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2018 Award


Cameron Clark

Cameron is a 23-year old activist-scholar from Houston, TX. The child of West African immigrants, Cameron is the first in his family to attend graduate or professional school. Cameron currently serves as the Managing Editor of the Harvard Journal on Racial & Ethnic Justice, publishing commentaries on legal developments in Critical Race Theory. Cameron has served as a representative to the Dean’s Task Force on Academic Community and Student Engagement, Director of the Student Government Committee on Diversity & Inclusion, and Political Advocacy Chair for both the Harvard Black Law Students Association and HLS Lambda. Cameron is a member of Reclaim Harvard Law and has organized with staff, students, and faculty for the removal of the Royall/HLS Shield and in support of Harvard dining hall workers on strike.

In his time at HLS, Cameron has worked to implement and test a body camera pilot program in Boston; supported queer/transgender mental health patients and students in Los Angeles; and uplifted prisoners with intellectual disabilities on death row in Houston. Cameron has participated in the Education Law Clinic and is currently enrolled in the Delivery of Legal Services Clinic. Cameron’s work in solidarity with marginalized and systemically targeted communities has marked the most enriching part of his legal education.

Beginning in Fall 2018, Cameron will join the Southern Poverty Law Center as a recipient of the organization’s Criminal Justice Reform Fellowship. Cameron’s work will take him to New Orleans, where he will support a class action lawsuit challenging Louisiana’s resource-starved public defender system as a violation of defendants’ due process and equal protection rights.

Read the Harvard Law Today’s profile of Cameron Clark.

2017 Award


Lam Nguyen Ho (J.D. 2008)

Lam is in his dream job as the Executive Director of the Community Activism Law Alliance (CALA), which he founded with an HLS Venture Fund grant. CALA uses a social justice community-lawyering model, “community activism lawyering,” to unite lawyers and activists for greater social change than what lawyers alone could achieve. CALA serves directly 2000+ families annually—at clinics located within their communities: mostly undocumented immigrants, day laborers, and sex workers who cannot access assistance from other legal organizations. Importantly, CALA impacts many thousands more by supporting activist partners’ grassroots activism, while also trying to change the legal aid industry.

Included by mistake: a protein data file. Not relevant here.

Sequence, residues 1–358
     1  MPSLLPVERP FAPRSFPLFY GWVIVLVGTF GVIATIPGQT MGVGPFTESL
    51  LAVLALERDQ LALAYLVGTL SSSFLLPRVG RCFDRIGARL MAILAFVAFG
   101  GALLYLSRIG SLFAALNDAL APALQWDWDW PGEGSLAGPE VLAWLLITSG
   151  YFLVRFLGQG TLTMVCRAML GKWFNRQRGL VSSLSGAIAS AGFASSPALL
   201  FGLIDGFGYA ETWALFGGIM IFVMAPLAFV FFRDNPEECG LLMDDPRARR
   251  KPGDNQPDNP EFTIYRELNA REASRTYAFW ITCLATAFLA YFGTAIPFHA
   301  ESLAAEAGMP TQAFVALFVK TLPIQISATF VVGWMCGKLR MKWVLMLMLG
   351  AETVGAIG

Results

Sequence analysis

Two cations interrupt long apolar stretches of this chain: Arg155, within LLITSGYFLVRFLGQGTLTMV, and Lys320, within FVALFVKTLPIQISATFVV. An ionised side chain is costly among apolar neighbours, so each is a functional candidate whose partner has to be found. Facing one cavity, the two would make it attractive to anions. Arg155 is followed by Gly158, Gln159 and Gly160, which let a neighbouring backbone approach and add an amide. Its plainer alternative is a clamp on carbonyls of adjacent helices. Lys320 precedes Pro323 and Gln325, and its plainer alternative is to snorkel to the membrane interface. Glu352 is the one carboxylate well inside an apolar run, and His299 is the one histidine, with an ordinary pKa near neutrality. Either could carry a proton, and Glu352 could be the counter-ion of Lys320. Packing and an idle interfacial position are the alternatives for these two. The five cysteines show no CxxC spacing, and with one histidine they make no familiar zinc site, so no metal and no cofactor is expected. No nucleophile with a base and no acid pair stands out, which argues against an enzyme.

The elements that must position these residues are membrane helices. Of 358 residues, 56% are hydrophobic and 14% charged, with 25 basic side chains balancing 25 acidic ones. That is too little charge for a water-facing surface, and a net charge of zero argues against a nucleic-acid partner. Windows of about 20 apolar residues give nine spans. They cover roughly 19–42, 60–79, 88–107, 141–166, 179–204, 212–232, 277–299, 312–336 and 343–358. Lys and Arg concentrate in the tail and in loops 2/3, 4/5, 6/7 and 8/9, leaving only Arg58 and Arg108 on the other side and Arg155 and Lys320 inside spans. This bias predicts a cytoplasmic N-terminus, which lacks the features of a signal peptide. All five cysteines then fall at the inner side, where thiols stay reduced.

CALA is the culmination of Lam’s community work, education, and legal experiences. He came to HLS seeking to combine the law with his background as a queer, immigrant activist of color, having escaped poverty. He discovered community lawyering at ROAD (Reaching Out About Depression) supporting low-income women health activists, and with Lucie White, for whom he served as a research/teaching assistant for Poverty Law. He further explored models of community- and movement-based lawyering at HLAB, where he was President; Defenders; ACLU National Litigation Department, Massachusetts Law Reform Institute, and Urban Justice Center. Through these opportunities, he completed over 3000 pro-bono hours at HLS. He also ran the Giving Tree, which raised nearly 2000 gifts for families served by HLS’ clinical programs.

He was a Skadden Fellow at LAF, where he created 10 community-based clinics on the west side of Chicago, and a staff attorney at Equip for Equality, defending the civil rights of people with disabilities. In these positions, he experienced firsthand the challenges of community lawyering and civil legal services, and was inspired to innovatively confront these challenges through the creation of CALA.


William Ahee (J.D. 2017)